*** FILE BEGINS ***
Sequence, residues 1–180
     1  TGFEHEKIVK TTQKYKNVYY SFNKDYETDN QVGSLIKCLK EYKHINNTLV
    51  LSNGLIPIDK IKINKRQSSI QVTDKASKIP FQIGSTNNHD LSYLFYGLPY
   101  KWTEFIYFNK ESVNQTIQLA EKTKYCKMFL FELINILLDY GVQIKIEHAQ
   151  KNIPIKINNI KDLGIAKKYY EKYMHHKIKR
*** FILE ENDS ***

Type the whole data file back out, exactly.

Sequence, residues 1–180
     1  TGFEHEKIVK TTQKYKNVYY SFNKDYETDN QVGSLIKCLK EYKHINNTLV
    51  LSNGLIPIDK IKINKRQSSI QVTDKASKIP FQIGSTNNHD LSYLFYGLPY
   101  KWTEFIYFNK ESVNQTIQLA EKTKYCKMFL FELINILLDY GVQIKIEHAQ
   151  KNIPIKINNI KDLGIAKKYY EKYMHHKIKR